Eamon de Valera must be grinning in his grave these days. First there was the news of a survey in Britain that found people who did Celtic Studies at university to be the happiest and most fulfilled of all graduates. This more than 80 years after he set up the Dublin Institute for Advanced Studies, which combined the odd three-in-a-bedfellows of Cosmic Physics, Theoretical Physics, and Celtic Studies and was widely derided as a vanity project, reflective of his own obsessions.
But around that same time, he was also attracting scorn for his idealised vision of an Ireland “joyous with . . . the contests of athletic youths and the laughter of comely maidens”. Yes, he said “happy maidens” in the broadcast version, but it was “comely” in the original script until someone worried that Americans – a key audience – wouldn’t understand the adjective.
Now I read a feature in the latest issue of US magazine Slate, headlined “The Luck of the Irish”, which wrestles with the mystery of how actors from this country have suddenly come to dominate Hollywood.
The piece, by one Heather Schwedel, quotes novelist Rachel Connolly saying, as a matter of fact, that “Irish people tend to be very good-looking and charming”.
Which Schwedel accepts without question. “True,” she continues, “but why are they so good looking and charming, and so many of them at once?”
The answer, to paraphrase her subsequent theory in terms she didn’t use, is that having survived the 800 Years of Oppression and its related ills, including Famine, poverty, and the Troubles, the innate beauty Irish people have always had is at last emerging into the light.
Mind you, while mentioning Saoirse Ronan and Jessie Buckley, the Slate writer seems to be talking mainly about our “soulful, sexy” men, including Cillian Murphy, Paul Mescal, Andrew Scott and others, who project a new “soft masculinity”.
She also quotes the magazine Elle, which declared the one just gone to be “Hot Irish Guy summer”. That, along with such recent sporting successes as Katie Taylor winning a world boxing title and the Republic’s female footballers thrashing Northern Ireland 6-1, might be the bit that worries de Valera.
Despite himself, he helped create a country joyous with the contests of athletic maidens and the laughter of comely young fellas. Perhaps it was a mix-up in the cosmic physics department.
The modern Irish may be a risen people, but if the reports from Slate and Elle are true, we also now have “rizz”, which Oxford University Press has just declared word of the year even though you’ve never heard of it.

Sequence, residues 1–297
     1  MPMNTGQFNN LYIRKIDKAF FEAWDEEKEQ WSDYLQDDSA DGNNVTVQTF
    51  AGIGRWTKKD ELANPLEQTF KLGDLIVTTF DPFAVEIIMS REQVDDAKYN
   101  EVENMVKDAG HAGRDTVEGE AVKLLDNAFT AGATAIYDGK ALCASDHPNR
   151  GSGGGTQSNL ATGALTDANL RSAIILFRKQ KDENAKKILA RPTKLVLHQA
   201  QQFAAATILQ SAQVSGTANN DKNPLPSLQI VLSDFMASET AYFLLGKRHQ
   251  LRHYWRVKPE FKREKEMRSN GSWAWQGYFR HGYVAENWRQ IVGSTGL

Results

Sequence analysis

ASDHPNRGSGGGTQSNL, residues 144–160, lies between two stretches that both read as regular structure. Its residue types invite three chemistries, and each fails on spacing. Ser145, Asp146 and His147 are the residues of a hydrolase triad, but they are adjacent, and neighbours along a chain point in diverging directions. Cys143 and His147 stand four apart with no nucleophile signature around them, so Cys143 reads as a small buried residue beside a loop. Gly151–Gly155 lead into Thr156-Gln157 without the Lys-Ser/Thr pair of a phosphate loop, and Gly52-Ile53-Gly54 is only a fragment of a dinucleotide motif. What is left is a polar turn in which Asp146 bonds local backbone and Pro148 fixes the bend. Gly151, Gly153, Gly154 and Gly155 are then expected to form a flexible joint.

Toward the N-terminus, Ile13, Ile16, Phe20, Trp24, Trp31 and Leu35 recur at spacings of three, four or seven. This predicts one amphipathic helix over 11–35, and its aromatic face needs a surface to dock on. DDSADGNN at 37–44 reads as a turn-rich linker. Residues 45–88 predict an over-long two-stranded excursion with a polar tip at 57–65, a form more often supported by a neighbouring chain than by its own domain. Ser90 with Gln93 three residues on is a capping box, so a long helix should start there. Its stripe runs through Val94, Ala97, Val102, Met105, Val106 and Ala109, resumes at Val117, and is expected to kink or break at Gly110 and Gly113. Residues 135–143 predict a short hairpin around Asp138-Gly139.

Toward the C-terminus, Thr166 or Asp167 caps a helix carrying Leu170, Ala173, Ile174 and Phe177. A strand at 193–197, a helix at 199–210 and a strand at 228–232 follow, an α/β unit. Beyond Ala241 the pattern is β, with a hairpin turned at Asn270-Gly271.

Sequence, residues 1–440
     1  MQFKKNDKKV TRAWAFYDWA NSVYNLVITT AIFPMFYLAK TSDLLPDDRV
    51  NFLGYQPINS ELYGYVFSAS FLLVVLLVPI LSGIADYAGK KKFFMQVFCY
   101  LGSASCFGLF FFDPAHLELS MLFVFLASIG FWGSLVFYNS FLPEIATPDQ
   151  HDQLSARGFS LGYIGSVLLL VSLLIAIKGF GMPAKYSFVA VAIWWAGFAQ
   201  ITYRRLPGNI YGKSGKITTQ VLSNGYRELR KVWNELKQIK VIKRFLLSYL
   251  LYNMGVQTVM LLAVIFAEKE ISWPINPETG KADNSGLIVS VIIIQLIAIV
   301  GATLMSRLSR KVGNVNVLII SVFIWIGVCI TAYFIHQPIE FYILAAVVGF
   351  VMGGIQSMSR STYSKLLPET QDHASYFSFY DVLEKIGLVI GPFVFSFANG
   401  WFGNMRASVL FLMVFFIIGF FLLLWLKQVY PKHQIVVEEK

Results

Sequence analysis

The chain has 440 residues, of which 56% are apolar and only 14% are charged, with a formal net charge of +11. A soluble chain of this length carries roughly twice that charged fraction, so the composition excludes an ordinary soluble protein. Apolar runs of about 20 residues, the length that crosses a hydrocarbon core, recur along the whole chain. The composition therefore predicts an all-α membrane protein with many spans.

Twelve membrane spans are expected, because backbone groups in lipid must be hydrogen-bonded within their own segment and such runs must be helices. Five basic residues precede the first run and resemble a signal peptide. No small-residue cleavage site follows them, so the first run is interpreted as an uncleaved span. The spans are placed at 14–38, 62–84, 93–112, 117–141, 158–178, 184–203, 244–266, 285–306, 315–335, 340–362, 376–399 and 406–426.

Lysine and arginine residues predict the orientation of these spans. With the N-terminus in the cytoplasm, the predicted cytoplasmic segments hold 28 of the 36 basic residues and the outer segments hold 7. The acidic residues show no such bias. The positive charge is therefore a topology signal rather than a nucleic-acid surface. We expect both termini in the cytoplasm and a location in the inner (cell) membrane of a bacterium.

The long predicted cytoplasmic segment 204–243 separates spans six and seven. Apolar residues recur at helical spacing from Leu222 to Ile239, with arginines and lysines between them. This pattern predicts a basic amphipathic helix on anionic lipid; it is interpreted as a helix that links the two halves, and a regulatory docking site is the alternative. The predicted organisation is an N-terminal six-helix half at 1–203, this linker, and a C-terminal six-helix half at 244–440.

Well, I hadn’t anyway, until now. And I suspect that most of the people who make a habit of consulting dictionaries hadn’t either.
Rizz may or may not be a contraction of “charisma” – this point is disputed.
But however derived, it means “style, charm, or attractiveness” and, more particularly, “the ability to attract a sexual partner”.
In championing it, the OUP may be trying to be hip with the kids, because the word’s short history dates from its adoption by the 21-year-old YouTuber Kai Cenat, who started using it on the gaming platform Twitch, from which it spread to TikTok and beyond.
English actor Tom Holland helped introduce it to a mainstream audience recently, albeit in the negative, when he claimed to have “no rizz whatsoever”.
Cenat, who denies a link to charisma, says it originated among his friends to describe a romantic situation wherein “a woman goes from being uninterested to being intrigued”.
For sample verb and noun usages, he suggests: “Oh yeah, I rizzed her up” or “I got mad rizz”.
(By the way, not being hip with the kids, I at first assumed Cenat’s surname to be pronounced with a hard ‘C’, as in Celtic Studies. In fact it has soft one (as in Celtic Football Club). But in the meantime, I was reminded of a word my parents used to use, variously spelt cnat, canatt, kinatt, etc, which the Hiberno-English Dictionary defines as “an unpleasant person; a sly, tricky youth; a rogue”.
The OUP’s word of the year is not to be confused with another Hiberno-English term, its soundalike “riz”, meaning “rose”, “raised”, or “risen”.
That can be an adjective, typically in the context of anger, eg: “You wouldn’t want to see him when he’s riz”. But more often it’s the past participle of a verb, as famously illustrated by Christy Mahon in The Playboy of the Western World:
“I just riz the loy and let fall the edge of it on the ridge of his skull, and he went down at my feet like an empty sack.”
JM Synge was ahead his time, clearly. Because after supposedly killing his father, Christy acquires instant rizz – even if they didn’t call it that then – among the women of Mayo, an idea that in 1907 caused riots in Dublin.
It remains to be seen whether the OUP’s word of the year will go mainstream. If it does, The Irish Times Stylebook may yet have to include such clarifying examples of English usage as: “He riz the loy but he rizzed Pegeen Mike.”